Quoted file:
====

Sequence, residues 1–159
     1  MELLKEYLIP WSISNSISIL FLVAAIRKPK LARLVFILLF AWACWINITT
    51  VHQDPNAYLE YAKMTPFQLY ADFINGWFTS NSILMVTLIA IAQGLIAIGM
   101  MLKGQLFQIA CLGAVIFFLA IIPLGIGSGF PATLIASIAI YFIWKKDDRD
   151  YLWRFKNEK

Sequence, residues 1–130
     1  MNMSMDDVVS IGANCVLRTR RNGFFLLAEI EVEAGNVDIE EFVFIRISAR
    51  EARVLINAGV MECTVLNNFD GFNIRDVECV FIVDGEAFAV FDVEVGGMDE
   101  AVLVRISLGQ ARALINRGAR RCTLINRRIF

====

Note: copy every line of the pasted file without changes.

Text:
Sequence, residues 1–159
     1  MELLKEYLIP WSISNSISIL FLVAAIRKPK LARLVFILLF AWACWINITT
    51  VHQDPNAYLE YAKMTPFQLY ADFINGWFTS NSILMVTLIA IAQGLIAIGM
   101  MLKGQLFQIA CLGAVIFFLA IIPLGIGSGF PATLIASIAI YFIWKKDDRD
   151  YLWRFKNEK

Sequence, residues 1–130
     1  MNMSMDDVVS IGANCVLRTR RNGFFLLAEI EVEAGNVDIE EFVFIRISAR
    51  EARVLINAGV MECTVLNNFD GFNIRDVECV FIVDGEAFAV FDVEVGGMDE
   101  AVLVRISLGQ ARALINRGAR RCTLINRRIF